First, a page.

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Boris Johnson, royal watchers react following revealing Harry and Meghan interview

Britain and its Royal Family absorbed the tremors Monday from a sensational television interview with Prince Harry and Meghan, in which the couple said they encountered racist attitudes and a lack of support that drove the duchess to thoughts of suicide.

In a two-hour soul-baring interview by Oprah Winfrey, the couple painted a deeply unflattering picture of life inside the royal household, depicting a cold, uncaring institution that they had to flee to save their lives.

Meghan told Winfrey that at one point “I just didn’t want to be alive anymore.” She said she sought help through the palace’s human resources department but was told there was nothing it could do.

Meghan, 39, admitted that she was naive at the start of her relationship with Harry and unprepared for the strictures of royal life.

The former television star, who is biracial, said that when she was pregnant with son Archie, there were “concerns and conversations about how dark his skin might be when he’s born.”

Harry confirmed the conversation, saying: “I was a bit shocked.” He said he would not reveal who made the comment, though Winfrey said he told her it was not either of his grandparents, Queen Elizabeth or her husband, Prince Philip.

Politicians weigh in

Asked about the interview at a coronavirus news conference, British Prime Minister Boris Johnson steadfastly refused to comment on the explosive allegations of racism and dysfunction inside the Royal Family.

Johnson said he had “always had the highest admiration for the Queen and the unifying role that she plays in our country and across the Commonwealth.”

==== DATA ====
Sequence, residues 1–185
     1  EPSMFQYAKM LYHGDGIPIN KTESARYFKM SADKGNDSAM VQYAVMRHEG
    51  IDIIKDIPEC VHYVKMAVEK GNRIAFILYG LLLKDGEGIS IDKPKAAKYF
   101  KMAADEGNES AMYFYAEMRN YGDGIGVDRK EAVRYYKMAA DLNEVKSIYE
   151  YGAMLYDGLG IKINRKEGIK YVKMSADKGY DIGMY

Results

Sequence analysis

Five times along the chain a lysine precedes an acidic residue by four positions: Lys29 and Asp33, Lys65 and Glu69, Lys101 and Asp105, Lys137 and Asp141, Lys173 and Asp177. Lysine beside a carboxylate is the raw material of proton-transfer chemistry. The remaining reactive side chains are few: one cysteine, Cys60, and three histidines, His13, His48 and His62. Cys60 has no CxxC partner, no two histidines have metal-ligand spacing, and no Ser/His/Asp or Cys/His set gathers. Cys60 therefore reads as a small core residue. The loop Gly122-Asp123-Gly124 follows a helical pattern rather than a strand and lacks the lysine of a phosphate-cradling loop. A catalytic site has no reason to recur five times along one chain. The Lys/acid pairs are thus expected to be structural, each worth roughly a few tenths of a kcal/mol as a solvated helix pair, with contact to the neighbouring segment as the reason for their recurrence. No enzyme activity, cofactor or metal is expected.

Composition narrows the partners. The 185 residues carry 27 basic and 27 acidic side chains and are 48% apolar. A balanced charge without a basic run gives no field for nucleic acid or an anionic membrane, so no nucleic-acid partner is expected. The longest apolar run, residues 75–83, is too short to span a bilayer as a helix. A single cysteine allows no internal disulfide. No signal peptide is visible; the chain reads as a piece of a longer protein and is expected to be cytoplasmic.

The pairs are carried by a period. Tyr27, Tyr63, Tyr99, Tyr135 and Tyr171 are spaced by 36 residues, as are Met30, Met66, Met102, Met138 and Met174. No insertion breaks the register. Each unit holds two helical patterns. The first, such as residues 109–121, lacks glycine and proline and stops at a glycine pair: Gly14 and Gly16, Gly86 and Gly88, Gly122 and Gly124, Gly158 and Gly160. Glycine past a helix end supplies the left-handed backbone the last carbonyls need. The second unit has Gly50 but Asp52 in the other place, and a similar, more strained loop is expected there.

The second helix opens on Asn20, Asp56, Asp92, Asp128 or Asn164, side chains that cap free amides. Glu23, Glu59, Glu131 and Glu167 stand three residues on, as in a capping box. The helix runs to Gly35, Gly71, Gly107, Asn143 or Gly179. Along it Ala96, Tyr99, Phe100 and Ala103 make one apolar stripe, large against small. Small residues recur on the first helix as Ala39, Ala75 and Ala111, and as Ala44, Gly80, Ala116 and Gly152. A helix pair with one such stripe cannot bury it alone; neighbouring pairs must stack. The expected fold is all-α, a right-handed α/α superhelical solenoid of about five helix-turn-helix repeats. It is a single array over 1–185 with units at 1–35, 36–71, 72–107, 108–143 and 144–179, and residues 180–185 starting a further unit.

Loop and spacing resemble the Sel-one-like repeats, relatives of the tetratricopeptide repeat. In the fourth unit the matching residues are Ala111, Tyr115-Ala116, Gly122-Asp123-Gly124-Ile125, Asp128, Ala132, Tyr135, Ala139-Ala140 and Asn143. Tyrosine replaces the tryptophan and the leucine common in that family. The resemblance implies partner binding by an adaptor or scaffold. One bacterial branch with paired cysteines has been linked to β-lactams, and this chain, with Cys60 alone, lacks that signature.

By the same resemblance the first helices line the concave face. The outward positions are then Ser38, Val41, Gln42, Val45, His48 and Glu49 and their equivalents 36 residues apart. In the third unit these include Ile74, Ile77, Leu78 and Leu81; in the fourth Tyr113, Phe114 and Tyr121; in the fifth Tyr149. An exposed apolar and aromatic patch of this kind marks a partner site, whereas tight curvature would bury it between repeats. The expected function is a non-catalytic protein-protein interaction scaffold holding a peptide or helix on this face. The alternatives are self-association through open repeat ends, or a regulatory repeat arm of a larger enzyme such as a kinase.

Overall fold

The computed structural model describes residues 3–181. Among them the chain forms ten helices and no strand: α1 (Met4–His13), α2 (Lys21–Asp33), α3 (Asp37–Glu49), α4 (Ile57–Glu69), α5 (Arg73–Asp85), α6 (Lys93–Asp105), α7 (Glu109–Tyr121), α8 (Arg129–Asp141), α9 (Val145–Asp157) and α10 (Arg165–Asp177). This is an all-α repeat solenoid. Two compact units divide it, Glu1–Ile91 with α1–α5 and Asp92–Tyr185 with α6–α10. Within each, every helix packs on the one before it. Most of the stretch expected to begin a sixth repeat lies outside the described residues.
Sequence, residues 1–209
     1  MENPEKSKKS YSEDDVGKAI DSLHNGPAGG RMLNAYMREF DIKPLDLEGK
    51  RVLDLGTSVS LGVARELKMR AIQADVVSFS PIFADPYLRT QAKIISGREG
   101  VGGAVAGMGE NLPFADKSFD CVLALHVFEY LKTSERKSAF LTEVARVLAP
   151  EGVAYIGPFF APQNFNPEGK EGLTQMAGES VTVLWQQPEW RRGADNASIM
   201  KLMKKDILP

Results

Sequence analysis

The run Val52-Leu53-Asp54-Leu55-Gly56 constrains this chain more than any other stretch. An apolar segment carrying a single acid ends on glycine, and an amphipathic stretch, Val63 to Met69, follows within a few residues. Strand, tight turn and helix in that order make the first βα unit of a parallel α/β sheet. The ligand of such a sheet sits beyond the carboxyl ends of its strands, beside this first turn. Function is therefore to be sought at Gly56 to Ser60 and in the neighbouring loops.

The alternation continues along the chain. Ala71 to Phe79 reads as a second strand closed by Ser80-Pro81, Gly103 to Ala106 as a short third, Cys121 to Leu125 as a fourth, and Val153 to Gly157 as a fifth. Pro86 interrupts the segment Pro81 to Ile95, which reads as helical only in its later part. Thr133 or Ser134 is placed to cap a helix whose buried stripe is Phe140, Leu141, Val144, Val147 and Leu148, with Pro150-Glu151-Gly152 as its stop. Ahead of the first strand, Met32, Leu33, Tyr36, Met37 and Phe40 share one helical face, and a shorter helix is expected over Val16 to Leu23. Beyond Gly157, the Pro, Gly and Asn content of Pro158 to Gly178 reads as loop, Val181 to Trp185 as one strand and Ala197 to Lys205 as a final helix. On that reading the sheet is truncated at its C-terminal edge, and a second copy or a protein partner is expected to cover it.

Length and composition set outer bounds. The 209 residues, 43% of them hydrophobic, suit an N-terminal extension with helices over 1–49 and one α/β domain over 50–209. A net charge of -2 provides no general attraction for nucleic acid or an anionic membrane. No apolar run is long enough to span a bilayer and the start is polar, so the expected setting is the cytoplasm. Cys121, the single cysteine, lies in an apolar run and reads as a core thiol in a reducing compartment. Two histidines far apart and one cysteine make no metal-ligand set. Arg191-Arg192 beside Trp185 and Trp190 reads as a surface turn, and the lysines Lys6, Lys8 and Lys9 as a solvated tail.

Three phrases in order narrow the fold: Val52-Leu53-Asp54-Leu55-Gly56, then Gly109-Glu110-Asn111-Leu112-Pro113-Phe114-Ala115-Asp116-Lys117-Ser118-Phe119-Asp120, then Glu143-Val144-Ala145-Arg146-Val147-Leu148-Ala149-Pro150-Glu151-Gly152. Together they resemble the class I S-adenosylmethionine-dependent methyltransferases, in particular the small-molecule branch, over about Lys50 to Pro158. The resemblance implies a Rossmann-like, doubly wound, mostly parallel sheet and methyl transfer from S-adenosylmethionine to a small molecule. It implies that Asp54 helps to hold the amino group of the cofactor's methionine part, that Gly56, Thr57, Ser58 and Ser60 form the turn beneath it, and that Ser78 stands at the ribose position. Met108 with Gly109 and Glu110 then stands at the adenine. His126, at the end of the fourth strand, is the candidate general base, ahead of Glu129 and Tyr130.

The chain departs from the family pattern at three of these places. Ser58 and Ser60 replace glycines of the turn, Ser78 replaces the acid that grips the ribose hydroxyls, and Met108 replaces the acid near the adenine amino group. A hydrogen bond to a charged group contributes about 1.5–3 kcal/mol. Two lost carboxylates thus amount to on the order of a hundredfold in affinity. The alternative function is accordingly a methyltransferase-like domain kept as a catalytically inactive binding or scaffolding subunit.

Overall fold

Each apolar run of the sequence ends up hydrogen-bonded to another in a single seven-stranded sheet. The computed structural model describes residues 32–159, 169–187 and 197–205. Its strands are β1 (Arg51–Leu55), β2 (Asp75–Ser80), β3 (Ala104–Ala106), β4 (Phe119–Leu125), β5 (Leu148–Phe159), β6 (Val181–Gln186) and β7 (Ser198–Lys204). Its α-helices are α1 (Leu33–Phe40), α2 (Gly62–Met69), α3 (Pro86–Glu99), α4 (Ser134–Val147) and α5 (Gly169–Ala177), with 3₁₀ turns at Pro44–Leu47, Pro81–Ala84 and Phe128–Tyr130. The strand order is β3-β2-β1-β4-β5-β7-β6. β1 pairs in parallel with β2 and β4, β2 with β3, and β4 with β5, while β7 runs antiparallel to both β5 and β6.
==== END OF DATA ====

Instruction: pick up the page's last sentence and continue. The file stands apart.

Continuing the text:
But he said that “when it comes to matters to do with the Royal Family, the right thing for a prime minister to say is nothing.”

In contrast, Keir Starmer, leader of the main opposition Labour Party, says the palace has to take the allegations seriously.

“The issues that Meghan has raised of racism and mental health are really serious issues,” he said. “It is a reminder that too many people experience racism in 21st-century Britain.”

In the U.S., where Harry and Meghan now live, White House spokesperson Jen Psaki was asked whether President Joe Biden and his wife Jill had any reaction to the interview.

Psaki said Meghan’s decision to speak about her struggles with mental health “takes courage” and “that’s certainly something the president believes in.”

But she said she wouldn’t offer additional comment on the situation “given these are private citizens, sharing their own story and their own struggles.”

Harry slams ‘toxic’ British tabloid press

Harry and Meghan, the Duke and Duchess of Sussex, announced they were quitting royal duties last year, citing what they said were the unbearable intrusions and racist attitudes of the British media, and they moved to California, where Meghan was born and raised.

That split became official this year, and the interview was widely seen as their first opportunity to explain their decision.

In a clip released Monday that was not broadcast the night before, Harry reiterated that racism was “a large part” of the reason the couple left Britain — and he blamed the “toxic” British tabloid press.

“The U.K. is not bigoted,” he said. “The U.K. press is bigoted, specifically the tabloids.”